Villanova Wildcats

Villanova romps past Radford in 1st round of NCAA Tournament

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Villanova romps past Radford in 1st round of NCAA Tournament

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PITTSBURGH — The fear naturally seeps into the thinking of players on top-seeded teams in the NCAA Tournament. Could we be the ones that finally lose to a 16 seed?

"I can't say it doesn't cross our mind at all," Big East player of the year Jalen Brunson said.

The answer from Villanova was an emphatic one: not a chance.

Brunson scored 16 points and No. 1 seed Villanova hit 14 3-pointers in an 87-61 romp over Radford in the opening round of the NCAA Tournament on Thursday night.

The Highlanders (23-13) posed no threat at becoming the first 16 seed to ever knock off a No. 1 in the tournament.

Villanova (31-4) played to near-perfection for the first 30 minutes and everyone played a role. Mikal Bridges had 13 points, Eric Paschall scored 11 and Omari Spellman had 10 points and seven rebounds.

The Wildcats play on Saturday against the winner of Virginia Tech-Alabama.

Radford, out of rural southwest Virginia, must have felt like it was playing against ace pop-a-shot players. Villanova led 69-37 with 11:45 left and was shooting 75 percent (25 of 34) overall and 60 percent (12 of 20) from 3-point range.

The Wildcats turned an NCAA Tournament game into a glorified scrimmage.

Villanova coach Jay Wright was a bit wary of what could happen when he watched Penn give No. 1 seed Kansas a brief scare earlier in the day.

"We're watching Penn, because my daughter goes to Penn. My wife's rooting like crazy for Penn," he said. "I said, `You're rooting for Penn. If that happens, my boy, (KU coach) Bill Self, will be dying.' But you do, you think about it. What you have to do when you're the 1 (seed) is do everything to fight off that distraction."

Radford's Christian Bradford opened the game with a 3-pointer and the bench erupted.

The players should hope someone snapped a photo of the scoreboard as a souvenir for the one time the Highlanders led Villanova in this game.

The rest of the half was pure dominance by the Wildcats.

At one point, Brunson had 12 points on 5-of-6 shooting. Radford? Just 10 points on 4 of 20 from the floor.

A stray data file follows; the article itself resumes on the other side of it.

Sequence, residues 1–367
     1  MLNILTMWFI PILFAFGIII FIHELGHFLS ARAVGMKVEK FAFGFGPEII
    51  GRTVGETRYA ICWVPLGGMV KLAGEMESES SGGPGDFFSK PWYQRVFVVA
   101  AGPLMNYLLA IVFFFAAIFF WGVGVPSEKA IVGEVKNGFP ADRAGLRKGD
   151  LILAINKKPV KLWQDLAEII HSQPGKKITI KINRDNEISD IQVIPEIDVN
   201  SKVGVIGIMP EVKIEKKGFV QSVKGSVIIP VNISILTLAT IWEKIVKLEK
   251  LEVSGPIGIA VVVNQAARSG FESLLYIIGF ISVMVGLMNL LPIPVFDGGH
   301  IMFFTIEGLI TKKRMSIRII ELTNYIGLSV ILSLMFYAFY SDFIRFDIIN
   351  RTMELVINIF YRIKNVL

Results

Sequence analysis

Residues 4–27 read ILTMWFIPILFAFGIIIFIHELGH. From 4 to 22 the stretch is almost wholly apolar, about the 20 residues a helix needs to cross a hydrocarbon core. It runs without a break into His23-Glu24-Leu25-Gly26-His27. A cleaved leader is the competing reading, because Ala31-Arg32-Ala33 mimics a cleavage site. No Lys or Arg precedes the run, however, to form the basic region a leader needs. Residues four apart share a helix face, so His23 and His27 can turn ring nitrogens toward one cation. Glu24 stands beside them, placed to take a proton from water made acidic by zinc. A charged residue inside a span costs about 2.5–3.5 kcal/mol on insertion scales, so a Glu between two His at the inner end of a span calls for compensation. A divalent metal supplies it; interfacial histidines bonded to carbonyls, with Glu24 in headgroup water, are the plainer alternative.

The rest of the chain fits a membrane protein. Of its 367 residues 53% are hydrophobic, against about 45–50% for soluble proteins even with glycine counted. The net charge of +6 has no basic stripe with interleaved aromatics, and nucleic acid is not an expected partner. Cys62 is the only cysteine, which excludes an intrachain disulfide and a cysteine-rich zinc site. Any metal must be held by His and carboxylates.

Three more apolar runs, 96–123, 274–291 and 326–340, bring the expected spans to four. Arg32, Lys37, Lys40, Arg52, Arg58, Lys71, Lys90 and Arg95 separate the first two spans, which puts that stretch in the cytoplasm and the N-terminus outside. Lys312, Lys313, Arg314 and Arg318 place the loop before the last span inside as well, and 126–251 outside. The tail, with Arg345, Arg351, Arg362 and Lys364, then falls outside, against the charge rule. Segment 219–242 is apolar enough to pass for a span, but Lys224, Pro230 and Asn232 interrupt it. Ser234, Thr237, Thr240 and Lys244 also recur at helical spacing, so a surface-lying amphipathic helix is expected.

Villanova started the game shooting 13 of 16. For those who struggle with math, that's a crisp 81 percent.

Phil Booth, Bridges, Brunson and Donte DiVincenzo all hit 3s in succession to blow open the game. Even when the Wildcats put the ball on the floor, they embarrassed Radford — Collin Gillespie juked guard Donald Hicks about out of his sneakers and the Highlander fell right on his behind.

Hicks led Radford with 13 points.

"They are a No. 1 seed for a reason. But this team right here is special," Bradford said. "We're a championship team for a reason. We never thought in our mind that we couldn't come back."

Radford won a First Four game to advance to Pittsburgh. The Wildcats just won the Big East Tournament in New York. With more shooting performances like this one, they'll win much, much more in March.

Big picture
Radford: The Highlanders still had a successful season. They set a school record for wins and won an NCAA Tournament game for the first time in program history. Radford was picked to finish seventh in the Big South preseason poll but earned the No. 2 seed in the conference tournament. Carlik Jones and Ed Polite are freshmen and should keep the good times going next season.

Villanova: Will try to avoid another first-weekend upset. The Wildcats lost in the first weekend as a 1 or 2 in 2010, 2014, 2015 and 2017. They lost to NC State in the second round in 2015 in Pittsburgh in a game that spawned the birth of the sad Villanova band member nicknamed Piccolo Girl .

Time’s up
Paschall led the Wildcats with 29 minutes played. Wright pulled his starters and his top subs off the bench much earlier than usual to give them some needed rest. Brunson took a charge late in the game and, though Wright admired the guard's toughness, he wouldn't play much longer.

Totally Rad
Coach Mike Jones brought his team toward the Radford cheering section and waved and pointed toward the fans in appreciation.

"They didn't get a chance to cheer victory but at least they got a chance to cheer these young men," Jones said. "They got a great group of young men. Through the tournament, people got to learn a little bit more about them, but we got to be with them every day."

Up next
Radford goes home and the Wildcats try and knock off Virginia Tech (21-11) or Alabama (19-15) and advance again to the Sweet 16.

As key players head to NBA, where does Villanova go from here?

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As key players head to NBA, where does Villanova go from here?

The decisions made by Donte DiVincenzo and Omari Spellman to remain in the NBA draft should ultimately be a good thing for the Villanova basketball program. DiVincenzo and Spellman join college teammates Mikal Bridges and Jalen Brunson in the 2018 draft class and there's a chance all four of them are selected in the first round. 

Having four players drafted in the first round will do wonders for Villanova on the recruiting trail. The caliber of high school players that Jay Wright recruits want to play in the NBA. Wright could point to the four first-rounders the program produced this year in addition to former players like Kyle Lowry, Dante Cunningham, Josh Hart and Ryan Arcidiacono currently playing in the NBA.